Israel announces South Sudan asylum-seekers have until March to leave country
After South Sudanese independence, Population Authority said asylum-seekers could safely return home; meanwhile, Petah Tikva District Court stays deportation order on 130 Ivory Coast families.
One thousand asylum-seekers from South Sudan are losing their collective protection, and those who do not leave by the end of March will be deported, the Population and Immigration Authority announced on Tuesday.
Meanwhile, the Petah Tikva District Court stayed a deportation order against 130 families from the Ivory Coast. A month ago, the authority announced that they would be deported, too.
The Ivorians were given a month to leave voluntarily, after the Israeli authorities said that they could return home safely because the civil war there had ended.
Following South Sudan's declaration of independence in July, the Population Authority decided that these citizens could safely return home, too.
They had received collective protection prior to the declaration of independence because Sudan considers Israel an enemy country.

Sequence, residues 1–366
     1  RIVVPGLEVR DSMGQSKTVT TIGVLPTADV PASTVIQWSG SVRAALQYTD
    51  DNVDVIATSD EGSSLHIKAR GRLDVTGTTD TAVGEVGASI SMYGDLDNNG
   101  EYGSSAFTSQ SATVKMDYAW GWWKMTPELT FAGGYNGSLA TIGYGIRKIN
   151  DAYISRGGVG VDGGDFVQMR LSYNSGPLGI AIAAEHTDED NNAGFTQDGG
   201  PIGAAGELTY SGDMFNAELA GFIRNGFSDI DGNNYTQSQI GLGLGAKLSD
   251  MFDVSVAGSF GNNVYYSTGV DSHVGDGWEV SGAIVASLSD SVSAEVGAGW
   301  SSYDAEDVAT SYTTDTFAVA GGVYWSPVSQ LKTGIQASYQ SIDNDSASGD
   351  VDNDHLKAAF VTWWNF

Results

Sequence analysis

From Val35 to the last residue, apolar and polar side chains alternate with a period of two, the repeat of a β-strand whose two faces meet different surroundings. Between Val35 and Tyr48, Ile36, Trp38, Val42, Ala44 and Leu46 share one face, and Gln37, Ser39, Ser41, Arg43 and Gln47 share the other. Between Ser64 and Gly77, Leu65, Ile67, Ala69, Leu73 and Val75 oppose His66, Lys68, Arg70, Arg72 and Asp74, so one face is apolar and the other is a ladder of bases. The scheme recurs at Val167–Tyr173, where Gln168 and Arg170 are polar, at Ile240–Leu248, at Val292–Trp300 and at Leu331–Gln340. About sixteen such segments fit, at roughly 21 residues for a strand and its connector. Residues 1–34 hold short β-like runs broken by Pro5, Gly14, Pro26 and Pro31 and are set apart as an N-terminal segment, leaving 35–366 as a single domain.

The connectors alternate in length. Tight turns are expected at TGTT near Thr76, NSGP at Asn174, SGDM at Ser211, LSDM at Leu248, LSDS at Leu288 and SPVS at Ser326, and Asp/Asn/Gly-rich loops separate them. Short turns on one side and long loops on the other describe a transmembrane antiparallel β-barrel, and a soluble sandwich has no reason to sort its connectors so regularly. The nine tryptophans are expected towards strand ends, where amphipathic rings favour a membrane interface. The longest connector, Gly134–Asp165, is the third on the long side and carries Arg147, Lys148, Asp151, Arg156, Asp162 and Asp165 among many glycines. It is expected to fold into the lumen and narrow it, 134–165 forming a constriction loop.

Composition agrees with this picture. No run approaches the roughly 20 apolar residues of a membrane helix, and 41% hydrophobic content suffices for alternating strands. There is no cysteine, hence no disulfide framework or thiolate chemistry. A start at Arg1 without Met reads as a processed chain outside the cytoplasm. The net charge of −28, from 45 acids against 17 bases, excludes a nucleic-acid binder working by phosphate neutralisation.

The authority said it would give every departing South Sudanese citizen a $1,300 grant to ease his or her return home.
Critics called the move premature, inappropriate and dangerous.
"South Sudanese citizens must have full access to determination of refugee status on a case-by-case basis if they so desire," said Sharon Harel, the representative of the United Nations High Commissioner for Refugees in Israel.
"If such access is not made possible, it will contravene the refugee convention and Israel's commitment to it," Harel added.
"People have to be given time to get organized, to know where they are going |And if they have a place to live and a job. They can't uproot their lives in Israel and ensure a new life in South Sudan within two months," said Sunday Ding, an asylum-seeker from South Sudan who has been in Israel since 2006 and is now a student at Tel Aviv University.
"Unfortunately we still hear ... that the situation in South Sudan is not good and people are being murdered, so to force them to go back is regrettable," said Hamed, another asylum-seeker.
Some of the Ivorians who appealed to the court have families.
In some cases their status as asylum-seekers is under review, or they have medical problems or humanitarian reasons for their request to stay in Israel.
The appeal states that the Interior Ministry's decision to send the Ivorians home is "premature, contrary to the United Nations' position, and places their lives in danger."
The Population and Immigration Authority says there are approximately 2,000 Ivorians in Israel; other estimates state that there are no more than 500.